As part of its commitment to bolstering diversity, equity, inclusion and belonging on Yale’s campus, Belonging at Yale is hosting an anti-racism speaker series this year.
Belonging at Yale, an initiative led by the Office of the Secretary and Vice President for University Life, launched last fall. According to the Belonging at Yale website, the initiative has the stated mission of supporting the Yale community’s “ongoing and long-term efforts to increase diversity, ensure equity, and enhance a sense of inclusion and belonging for everyone.” The new speaker series, which launched virtually on Oct. 26, is part of the Belonging at Yale initiative and aims to bring authors and scholars who work on anti-racism efforts to the University to engage in conversations with the Yale community.
“We are committed to Yale being a place where everyone can thrive and freely participate,” Secretary and Vice President for University Life Kimberly Goff-Crews wrote in an email to the News. “And in a scholarly community, intellectual inquiry and discussion is an essential activity. The antiracism speakers series presents opportunities for faculty, students, staff, and alumni to engage with leading thinkers and with one another and to enhance their understanding of racism and how to address it.”
According to Goff-Crews, the speakers series is aligned with the recommendations of the President’s Committee on Diversity, Inclusion and Belonging — a committee focused on examining the ways the University could create a more inclusive culture — as well as President’s Salovey’s recently announced commitments to action in response to those recommendations. The President’s Committee is chaired by Goff-Crews and Vice Provost for Faculty Development and Diversity Gary Desir.
Goff-Crews explained that when the President’s Committee was finalizing its report, which was released this September, the conversations that were already happening both at Yale and on a national level regarding racism in the United States were amplified by the deaths of individuals like George Floyd and Breonna Taylor at the hands of police. In light of this, Goff-Crews decided to launch this speaker series as part of the “action plan.”
Four speakers are currently planned as part of the speaker series — two this semester and two next semester. Although the events are open to the public, each event will focus on reaching an audience of staff, faculty, students or alumni by way of the subject matter of the talk or promotional outreach.
Each speaker event in the series will be co-hosted by Belonging at Yale and another Yale organization.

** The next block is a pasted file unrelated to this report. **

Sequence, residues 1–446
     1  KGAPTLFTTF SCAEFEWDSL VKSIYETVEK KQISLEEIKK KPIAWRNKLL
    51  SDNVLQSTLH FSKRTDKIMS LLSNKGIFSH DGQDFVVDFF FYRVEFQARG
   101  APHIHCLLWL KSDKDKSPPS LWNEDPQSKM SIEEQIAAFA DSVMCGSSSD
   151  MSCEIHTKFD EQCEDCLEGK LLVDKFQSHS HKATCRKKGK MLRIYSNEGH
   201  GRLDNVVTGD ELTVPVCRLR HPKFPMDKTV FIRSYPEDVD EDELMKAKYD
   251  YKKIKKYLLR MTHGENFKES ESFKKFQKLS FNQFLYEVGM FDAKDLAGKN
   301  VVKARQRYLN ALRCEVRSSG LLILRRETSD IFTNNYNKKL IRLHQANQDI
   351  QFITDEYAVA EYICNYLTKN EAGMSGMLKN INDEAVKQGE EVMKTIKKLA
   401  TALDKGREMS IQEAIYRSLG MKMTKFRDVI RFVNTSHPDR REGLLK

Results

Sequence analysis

The first speaker event occurred on Oct. 26 and featured Dolly Chugh, a social psychologist, associate professor at the NYU Stern School of Business, and author of “The Person You Mean to Be: How Good People Fight Bias.” Nearly 600 people — mostly Yale faculty and staff — attended the Zoom event, in which Chugh spoke about the content of her book and gave actionable advice about how listeners could address their own biases.
Head of Silliman College Laurie Santos facilitated the conversation with Chugh. Santos knew Chugh from her work and her book, and Santos previously interviewed Chugh for her podcast, “The Happiness Lab.”
“In terms of the attendees, I hope people left with specific strategies they can use for fighting bias in the future,” Santos wrote in an email to the News. “I really hope listeners heard Dolly’s lesson that we need to have a growth mindset about becoming better allies, and the importance of being a ‘good-ish’ person who’s constantly thinking of what more they can learn to fight racism.”
The speaking event with Chugh was co-presented with the Office of Diversity and Inclusion, which according to its website collaborates with departments and individuals across Yale’s campus to create a “respectful, accessible, and inclusive community for all Yale employees.”
A video of the event is posted on the Belonging at Yale website.
According to Heather Calabrese, director of communications and university events for the Office of the Secretary, the speakers for the anti-racism series are chosen in consultation with Yale faculty. While Calabrese said there is value in bringing in experts from outside of the University, she explained that there is also great expertise within the University that the Belonging at Yale initiative hopes to tap into by hosting speaking events with Yale faculty.
In addition to producing events, Belonging at Yale also aims to amplify and support the work on belonging, diversity, inclusion and anti-racism already happening at the University. From promoting the events that other professors or departments are hosting to allowing students to display their own events related to anti-racism or belonging issues on the Belonging at Yale calendar, the Belonging at Yale initiative aims to connect the Yale community with as many anti-racism resources as possible.
“We particularly want to promote the work being done by our own faculty and staff, such as the Department of African American Studies Endeavors Colloquium,” Goff-Crews wrote.
The next speaker event will take place on Dec. 2 with Ibram X. Kendi, author of “How to Be an Antiracist.” The event will be hosted in conjunction with the Yale Alumni Association.
Julia Bialek | firstname.lastname@example.org